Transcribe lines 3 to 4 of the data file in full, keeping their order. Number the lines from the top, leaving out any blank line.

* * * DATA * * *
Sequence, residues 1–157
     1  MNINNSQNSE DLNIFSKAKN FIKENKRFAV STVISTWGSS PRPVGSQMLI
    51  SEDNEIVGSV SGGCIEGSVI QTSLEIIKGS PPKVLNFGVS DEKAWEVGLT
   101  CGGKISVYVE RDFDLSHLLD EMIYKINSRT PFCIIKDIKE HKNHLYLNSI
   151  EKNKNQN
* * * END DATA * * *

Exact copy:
    51  SEDNEIVGSV SGGCIEGSVI QTSLEIIKGS PPKVLNFGVS DEKAWEVGLT
   101  CGGKISVYVE RDFDLSHLLD EMIYKINSRT PFCIIKDIKE HKNHLYLNSI